Paper describing the action research tool, ARTI, that is part of the TIM Tools suite
Dawson, K., Cavanaugh, C., & Ritzhaupt, A. D. (2012). ARTI: An online tool to support teacher action research for technology integration. In C. Hartshorne, T. Heafner, & T. Petty (Eds.), Teacher education programs and online learning tools: Innovations in teacher preparation (pp. 375-391). Hershey, PA: IGI Global.
Hogarty, K. Y., Lang, T. R., & Kromrey, J. D. (2003). Another look at technology use in classrooms: The development and validation of an instrument to measure teachers’ perceptions. Educational and Psychological Measurement, 63(1), 137-160.
Validation study of FCIT’s original version of the survey that was later revised and expanded to become the TUPS (part of the TIM Tools suite)
Jonassen, D., Howland, J., Moore, J., & Marra, R. (2003). Learning to solve problems with technology: A constructivist perspective (2nd ed.). Upper Saddle River, NJ: Merrill Prentice Hall.
Foundational book whose concepts were modified and expanded to become the five characteristics (rows) of the TIM
Studies that Incorporate the TIM & TIM Tools
This is the place to find examples of studies from across the globe that use the TIM and/or TIM Tools.
Bachenheimer, B. A. (2011). Management-based CIPP evaluation of Northern New Jersey School District’s digital backpack program. (Doctoral dissertation, University of Florida).
Balula, A., & Moreira, A. (2014). SCAI: A three-dimension model for e-teaching evaluation in higher education. In Evaluation of online higher education: Learning, interaction and technology. Cham, Switzerland: Springer International Publishing.
Barbour, D. R. (2014). The Technology Integration Matrix and student engagement: A correlational study. (Doctoral dissertation, Northcentral University).
Ferreira, S., & Andrade, A. (2011). Systematic analysis of quality technology enhanced learning environments in higher education: an organizational perspective 2.0. Education in a Technological World: Communicating Current and Emerging Research and Technological Efforts, 428-439.
Harris, L., & Yearta, L. (2019). The UDL and TIM as frameworks for understanding first year teachers’ technology integration proficiency. In K. Graziano (Ed.), Proceedings of Society for Information Technology & Teacher Education International Conference (pp. 2591-2595). Las Vegas, NV, United States: Association for the Advancement of Computing in Education (AACE).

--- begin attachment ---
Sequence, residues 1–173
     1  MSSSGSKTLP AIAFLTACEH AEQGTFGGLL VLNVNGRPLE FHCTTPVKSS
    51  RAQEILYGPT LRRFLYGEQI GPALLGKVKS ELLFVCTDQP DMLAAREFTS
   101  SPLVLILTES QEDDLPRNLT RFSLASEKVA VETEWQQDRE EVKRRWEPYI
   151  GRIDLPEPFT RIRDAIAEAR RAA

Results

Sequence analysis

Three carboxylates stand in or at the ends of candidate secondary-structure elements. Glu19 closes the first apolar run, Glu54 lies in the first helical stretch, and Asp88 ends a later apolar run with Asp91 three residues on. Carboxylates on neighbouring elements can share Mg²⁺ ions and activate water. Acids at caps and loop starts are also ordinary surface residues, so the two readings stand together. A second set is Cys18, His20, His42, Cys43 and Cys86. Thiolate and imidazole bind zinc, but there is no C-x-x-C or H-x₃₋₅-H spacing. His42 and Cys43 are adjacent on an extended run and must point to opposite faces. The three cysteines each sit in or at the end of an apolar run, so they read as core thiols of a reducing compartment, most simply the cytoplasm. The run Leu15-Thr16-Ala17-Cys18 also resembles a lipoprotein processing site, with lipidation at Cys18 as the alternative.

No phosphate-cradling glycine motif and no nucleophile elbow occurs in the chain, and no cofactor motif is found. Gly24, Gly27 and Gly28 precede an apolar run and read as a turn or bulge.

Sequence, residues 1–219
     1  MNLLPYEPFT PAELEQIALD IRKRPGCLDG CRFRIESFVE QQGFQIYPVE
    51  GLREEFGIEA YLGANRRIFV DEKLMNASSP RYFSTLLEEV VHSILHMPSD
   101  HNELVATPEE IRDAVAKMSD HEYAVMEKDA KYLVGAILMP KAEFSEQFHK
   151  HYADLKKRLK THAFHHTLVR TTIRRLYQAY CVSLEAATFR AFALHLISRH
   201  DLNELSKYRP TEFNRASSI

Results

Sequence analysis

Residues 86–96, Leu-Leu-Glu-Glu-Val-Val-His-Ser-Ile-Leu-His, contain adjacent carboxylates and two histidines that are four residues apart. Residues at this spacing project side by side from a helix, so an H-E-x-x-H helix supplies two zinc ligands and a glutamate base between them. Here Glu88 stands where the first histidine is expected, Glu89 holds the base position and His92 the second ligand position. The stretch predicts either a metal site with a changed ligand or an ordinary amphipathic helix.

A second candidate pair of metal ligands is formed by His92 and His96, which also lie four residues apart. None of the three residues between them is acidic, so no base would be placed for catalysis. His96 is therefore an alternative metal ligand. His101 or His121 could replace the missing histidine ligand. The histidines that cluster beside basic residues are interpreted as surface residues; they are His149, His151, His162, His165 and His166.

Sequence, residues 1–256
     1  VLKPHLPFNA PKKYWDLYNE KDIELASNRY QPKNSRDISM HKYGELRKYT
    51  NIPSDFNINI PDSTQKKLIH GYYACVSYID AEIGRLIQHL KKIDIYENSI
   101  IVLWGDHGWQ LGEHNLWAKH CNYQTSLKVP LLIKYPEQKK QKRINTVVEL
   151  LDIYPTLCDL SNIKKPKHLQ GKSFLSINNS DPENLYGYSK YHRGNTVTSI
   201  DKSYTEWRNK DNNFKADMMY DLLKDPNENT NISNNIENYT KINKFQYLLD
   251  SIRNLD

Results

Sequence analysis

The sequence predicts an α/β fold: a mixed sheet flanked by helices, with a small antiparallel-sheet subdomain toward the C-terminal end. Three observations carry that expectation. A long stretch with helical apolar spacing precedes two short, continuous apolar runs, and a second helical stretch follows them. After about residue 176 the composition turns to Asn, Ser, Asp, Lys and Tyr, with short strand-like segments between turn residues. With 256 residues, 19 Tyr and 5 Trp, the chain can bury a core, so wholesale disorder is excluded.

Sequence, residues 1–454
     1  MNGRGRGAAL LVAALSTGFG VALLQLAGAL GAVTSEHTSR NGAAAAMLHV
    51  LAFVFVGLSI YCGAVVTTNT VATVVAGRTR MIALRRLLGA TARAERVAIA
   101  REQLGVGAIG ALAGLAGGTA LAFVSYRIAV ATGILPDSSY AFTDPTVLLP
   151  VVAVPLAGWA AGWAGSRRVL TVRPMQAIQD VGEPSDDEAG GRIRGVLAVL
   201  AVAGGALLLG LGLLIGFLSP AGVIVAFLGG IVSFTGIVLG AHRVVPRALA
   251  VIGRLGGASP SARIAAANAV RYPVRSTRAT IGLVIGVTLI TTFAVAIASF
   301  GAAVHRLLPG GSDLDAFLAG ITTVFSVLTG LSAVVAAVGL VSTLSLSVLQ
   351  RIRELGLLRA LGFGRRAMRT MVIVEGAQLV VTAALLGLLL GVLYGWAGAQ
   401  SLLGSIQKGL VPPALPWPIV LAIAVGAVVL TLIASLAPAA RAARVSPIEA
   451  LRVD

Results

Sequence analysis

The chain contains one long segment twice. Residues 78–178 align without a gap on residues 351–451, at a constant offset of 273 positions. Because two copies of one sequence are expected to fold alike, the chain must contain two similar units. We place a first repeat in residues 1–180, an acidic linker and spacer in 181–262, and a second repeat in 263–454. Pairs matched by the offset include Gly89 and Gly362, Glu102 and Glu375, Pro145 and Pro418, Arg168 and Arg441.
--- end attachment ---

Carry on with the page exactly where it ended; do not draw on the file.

Heafner, T. & Triplett, N. (2017). Comparing technology-mediated learning environments. In P. Resta & S. Smith (Eds.), Proceedings of Society for Information Technology & Teacher Education International Conference (pp. 862-869). Austin, TX, United States: Association for the Advancement of Computing in Education (AACE).
Jahnke, I., Bergstrom, P., Marell-Olsson, E., Hall, L., & Kuma, S. (2017). Digital Didactical Designs as research framework: iPad integration in Nordic schools. Computers & Education, 113, 1-15.
Kieran, L., & Anderson, C. (2014). Guiding preservice teacher candidates to implement student-centered applications of technology in the classroom. In M. Searson & M. Ochoa (Eds.), Proceedings of Society for Information Technology & Teacher Education International Conference 2014 (pp. 2414-2421). Chesapeake, VA: Association for the Advancement of Computing in Education (AACE).
Kohl, A. (2019). One-to-one learning-success factors for meaningful technology integration. (Unpublished doctoral dissertation). National Louis University. Retrieved from: https://digitalcommons.nl.edu/diss/382
Kruger, M., & Bester, R. (2014). Integrating eLearning to support medical education at the New University of Botswana School of Medicine. The Electronic Journal of e-Learning, 12(1), 52-76.
Ledford, D. M. (2016). Development of a professional learning framework to improve teacher practice in technology integration. (Unpublished doctoral dissertation). Boise State University, Boise, Idaho.
Levene, J. & Boulware, D. D. (2014). Sustaining innovation through online professional development: A design approach. In M. Searson & M. Ochoa (Eds.), Proceedings of SITE 2014–Society for Information Technology & Teacher Education International Conference (pp. 2901-2906). Jacksonville, Florida, United States: Association for the Advancement of Computing in Education (AACE).
McLeod, S. (2018). Technology integration, leadership, and organizational support frameworks for instructional improvement with information technology. In J. Voogt et al. (Eds.), Second handbook of information technology in primary and secondary education. Springer International Handbooks of Education. Cham, Switzerland: Springer.
Muilenburg, L. Y., & Burge, Z. L. (2015). Revisiting teacher preparation: Responding to technology transience in the educational setting. The Quarterly Review of Distance Education, 16(2), 93–105.
Özel, Ö. (2019). The state of technology: Linkages between kindergarten teachers’ career stages and the stages of technology adaption in Turkey. In W. B. James & C. Cobanoglu (Eds.) Advances in Global Education and Research, Volume 3 (pp. 100-108).